10 Simple Ways to Eat More Vegetables

10 Simple Ways to Eat More Vegetables

Here’s the reality: It’s not that we don’t know vegetables are good for us, it’s just that we don’t always like to eat them.

In case you need a refresher, vegetables are packed with fiber, vitamins, minerals, antioxidants, anti-inflammatory properties, and thousands of different types of phytonutrients.

Despite all the different perspectives and opinions on food and diet, the one thing everyone can agree on is that vegetables are essential for health, disease prevention, and longevity.

If you’re like most people and need a little more encouragement, here are 10 simple and delicious ways to add more vegetables into your life.

  1. Smoothies: While this might be an obvious one, there are infinite possibilities. Try a handful of baby greens, a few slices of cucumber or celery, steamed beets, pureed pumpkin, or fresh herbs. This is an easy way to “hide” vegetables from picky eaters.
  2. Eggs: For those who eat eggs, whether scrambled or on the side, toss in some chopped mushroom, tomato, spinach, onion or your favorite combo. When you have more time on the weekend, try an omelet or frittata.
  3. Bake with carrots or zucchini: Recipes abound for different breads, muffins cakes and brownies incorporating these veggies in particular. Here’s another fun and delicious way to get more vegetables in under the radar.
  4. Wraps, sandwiches and burgers: In addition to packing extra vegetables inside your sandwich or burger, try using a collard leaf as a wrap, or a romaine or butter lettuce leaf or portobello mushroom cap if you’re passing on bread or buns.
  5. Dressings and dips: Instead of packaged or bottled, try a quick and easy hummus, pesto or sauce made right in your blender or food processor. Try fresh herbs, beets, peas, spinach, red pepper, artichoke, tomato or eggplant.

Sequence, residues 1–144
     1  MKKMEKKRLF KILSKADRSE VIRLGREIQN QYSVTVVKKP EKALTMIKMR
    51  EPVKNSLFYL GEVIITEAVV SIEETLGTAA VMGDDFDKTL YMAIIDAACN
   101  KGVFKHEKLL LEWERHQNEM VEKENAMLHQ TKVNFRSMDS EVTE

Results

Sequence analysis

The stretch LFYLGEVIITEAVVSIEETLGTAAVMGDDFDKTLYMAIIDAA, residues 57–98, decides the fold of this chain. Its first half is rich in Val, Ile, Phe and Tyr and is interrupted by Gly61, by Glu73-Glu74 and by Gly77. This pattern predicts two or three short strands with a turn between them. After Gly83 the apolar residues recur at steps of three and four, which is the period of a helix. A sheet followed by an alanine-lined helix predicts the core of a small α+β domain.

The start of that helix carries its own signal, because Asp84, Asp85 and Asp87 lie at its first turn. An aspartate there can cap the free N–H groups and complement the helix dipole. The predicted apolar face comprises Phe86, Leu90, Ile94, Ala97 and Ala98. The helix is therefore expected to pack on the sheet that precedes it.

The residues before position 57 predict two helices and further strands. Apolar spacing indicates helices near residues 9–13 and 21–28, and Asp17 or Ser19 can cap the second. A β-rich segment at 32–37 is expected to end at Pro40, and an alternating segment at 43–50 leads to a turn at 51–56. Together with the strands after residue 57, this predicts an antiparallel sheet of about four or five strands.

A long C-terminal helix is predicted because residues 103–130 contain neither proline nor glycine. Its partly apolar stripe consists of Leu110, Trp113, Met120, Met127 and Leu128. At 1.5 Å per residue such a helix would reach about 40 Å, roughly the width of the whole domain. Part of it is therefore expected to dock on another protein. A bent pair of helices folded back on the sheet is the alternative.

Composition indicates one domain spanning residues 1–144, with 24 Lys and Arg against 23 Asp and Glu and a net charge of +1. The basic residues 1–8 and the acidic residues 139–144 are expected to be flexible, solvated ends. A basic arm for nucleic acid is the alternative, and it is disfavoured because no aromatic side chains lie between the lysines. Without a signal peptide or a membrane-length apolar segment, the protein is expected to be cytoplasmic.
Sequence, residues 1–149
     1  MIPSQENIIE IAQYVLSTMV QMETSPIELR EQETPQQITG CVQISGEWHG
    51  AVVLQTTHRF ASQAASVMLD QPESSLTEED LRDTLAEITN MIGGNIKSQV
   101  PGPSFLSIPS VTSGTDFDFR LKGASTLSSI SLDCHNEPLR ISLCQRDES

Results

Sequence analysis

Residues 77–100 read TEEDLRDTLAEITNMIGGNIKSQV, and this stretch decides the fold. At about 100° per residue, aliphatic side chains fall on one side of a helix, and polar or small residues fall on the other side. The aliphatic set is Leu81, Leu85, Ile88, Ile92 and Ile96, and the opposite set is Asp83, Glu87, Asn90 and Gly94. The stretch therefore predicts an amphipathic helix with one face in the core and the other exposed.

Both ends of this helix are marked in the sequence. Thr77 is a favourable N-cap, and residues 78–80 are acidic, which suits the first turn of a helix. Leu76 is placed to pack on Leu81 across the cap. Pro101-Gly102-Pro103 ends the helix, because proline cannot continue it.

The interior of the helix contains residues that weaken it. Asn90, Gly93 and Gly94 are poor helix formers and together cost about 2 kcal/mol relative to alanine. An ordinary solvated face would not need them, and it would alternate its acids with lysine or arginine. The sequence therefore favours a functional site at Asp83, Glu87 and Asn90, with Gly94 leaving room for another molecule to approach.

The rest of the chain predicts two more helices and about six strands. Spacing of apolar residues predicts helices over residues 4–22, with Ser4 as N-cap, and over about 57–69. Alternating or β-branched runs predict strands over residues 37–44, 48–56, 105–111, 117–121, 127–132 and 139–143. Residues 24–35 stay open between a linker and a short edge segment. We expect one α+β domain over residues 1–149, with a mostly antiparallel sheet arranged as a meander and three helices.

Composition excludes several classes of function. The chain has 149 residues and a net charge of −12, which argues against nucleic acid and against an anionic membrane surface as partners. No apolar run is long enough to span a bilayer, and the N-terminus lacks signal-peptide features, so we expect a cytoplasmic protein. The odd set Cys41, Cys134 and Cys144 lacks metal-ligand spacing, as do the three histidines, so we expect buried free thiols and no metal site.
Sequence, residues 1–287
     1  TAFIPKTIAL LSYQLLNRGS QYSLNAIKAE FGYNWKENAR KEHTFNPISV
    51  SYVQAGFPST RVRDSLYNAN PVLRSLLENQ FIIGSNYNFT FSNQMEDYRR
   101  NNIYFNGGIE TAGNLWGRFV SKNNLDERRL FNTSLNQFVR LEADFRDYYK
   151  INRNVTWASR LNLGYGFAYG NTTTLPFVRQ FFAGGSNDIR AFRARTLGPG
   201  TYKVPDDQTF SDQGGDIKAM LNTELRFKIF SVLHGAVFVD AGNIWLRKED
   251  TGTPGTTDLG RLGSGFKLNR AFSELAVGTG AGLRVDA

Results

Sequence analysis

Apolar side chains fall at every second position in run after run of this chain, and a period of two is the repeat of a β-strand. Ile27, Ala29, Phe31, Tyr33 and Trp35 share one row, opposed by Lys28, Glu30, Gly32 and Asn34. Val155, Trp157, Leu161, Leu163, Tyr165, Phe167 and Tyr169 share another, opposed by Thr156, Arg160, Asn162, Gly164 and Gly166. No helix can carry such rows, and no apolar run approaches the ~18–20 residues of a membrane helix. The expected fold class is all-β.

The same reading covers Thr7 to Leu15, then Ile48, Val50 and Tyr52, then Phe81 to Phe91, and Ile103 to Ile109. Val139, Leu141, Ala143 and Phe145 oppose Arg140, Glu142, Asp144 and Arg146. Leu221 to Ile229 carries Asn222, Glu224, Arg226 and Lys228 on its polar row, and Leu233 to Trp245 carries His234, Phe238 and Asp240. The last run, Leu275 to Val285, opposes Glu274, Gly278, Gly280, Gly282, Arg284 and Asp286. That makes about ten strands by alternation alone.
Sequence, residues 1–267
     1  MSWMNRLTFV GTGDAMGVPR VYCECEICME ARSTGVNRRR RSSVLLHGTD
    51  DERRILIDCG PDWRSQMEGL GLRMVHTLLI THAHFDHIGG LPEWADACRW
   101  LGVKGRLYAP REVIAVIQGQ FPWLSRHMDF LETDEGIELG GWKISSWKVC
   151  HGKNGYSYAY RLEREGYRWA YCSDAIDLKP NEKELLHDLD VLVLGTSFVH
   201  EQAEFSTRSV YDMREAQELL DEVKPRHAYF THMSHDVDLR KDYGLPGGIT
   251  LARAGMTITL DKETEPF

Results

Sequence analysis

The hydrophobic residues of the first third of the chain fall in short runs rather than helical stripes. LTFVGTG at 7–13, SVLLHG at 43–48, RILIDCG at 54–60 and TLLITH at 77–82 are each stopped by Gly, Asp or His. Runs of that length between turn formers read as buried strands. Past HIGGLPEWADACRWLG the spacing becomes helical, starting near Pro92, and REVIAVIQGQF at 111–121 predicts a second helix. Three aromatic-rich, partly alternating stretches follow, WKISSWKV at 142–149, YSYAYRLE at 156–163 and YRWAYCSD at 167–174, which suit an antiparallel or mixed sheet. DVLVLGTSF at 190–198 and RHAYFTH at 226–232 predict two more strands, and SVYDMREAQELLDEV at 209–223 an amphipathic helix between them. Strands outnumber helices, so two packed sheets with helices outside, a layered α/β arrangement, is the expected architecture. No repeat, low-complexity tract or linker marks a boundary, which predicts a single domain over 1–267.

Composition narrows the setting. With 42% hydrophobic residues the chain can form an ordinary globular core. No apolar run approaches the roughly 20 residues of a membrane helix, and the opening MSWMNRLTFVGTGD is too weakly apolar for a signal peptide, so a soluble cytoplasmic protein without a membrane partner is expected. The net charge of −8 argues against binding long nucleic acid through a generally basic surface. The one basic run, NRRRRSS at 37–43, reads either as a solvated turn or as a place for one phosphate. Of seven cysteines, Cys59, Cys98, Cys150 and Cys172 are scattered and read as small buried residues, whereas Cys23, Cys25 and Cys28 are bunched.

6. Veggie chips: You already know about kale chips, but have you tried making “chips” from carrots, beets, sweet potato, or brussels sprouts? For extra flavor, toss them in your favorite spices. Use a low temperature oven and watch them closely.
  7. Soups and stews: The options are endless. Add carrots, mushrooms, celery, onion, garlic, kale, squash, potato, peppers, peas, tomatoes, fresh herbs, leeks, or broccoli to your soups for added texture, flavor and hardiness.
  8. Pasta and noodles: Whether you’re using a spiralizer or prefer one of the many prepared options, “zoodles” make for a quick and simple meal. Don’t be fooled by vegetable varieties of conventional boxed pasta; many just add a processed vegetable powder, stripped of any nutrients.
  9. Rice: Similar to pasta, there are prepared options made from cauliflower, zucchini and broccoli, or you can use your blender or food processor to get creative. Use as you would rice, or incorporate into soups, salads, casseroles, or a stir-fry.
  10. Salads: I know what you’re thinking; “boring”. But have you added something colorful or zesty to your salads lately? Try shredded purple cabbage, red radish, chives or microgreens. For variety, add some roasted and cooled veggies to your favorite raw ingredients.

To make adding in more vegetables simple and affordable,
try a subscription veggie box, Community Supported Agriculture, local farmers market, or frozen. There are extra benefits if you grow your own. Herbs can be grown indoors and there are even hydroponic growing stations made for indoors!

If you’re new to vegetables or historically not a fan, start with one or two you enjoy. Experiment by adding one new vegetable each week. If you don’t like it, move on. There are hundreds of vegetables and you will find the right ones for you. Savor the flavors, colors, and textures and prepare them in a way you find satisfying and tasty.

If you’re struggling at mealtimes and want simple strategies tailored to your reality, reach out to learn more about how health coaching can help you to feel more confident in the kitchen.

Disclaimer: This post is for informational purposes only. It does not constitute medical advice, or replace treatment or intervention by a qualified medical or mental health professional.


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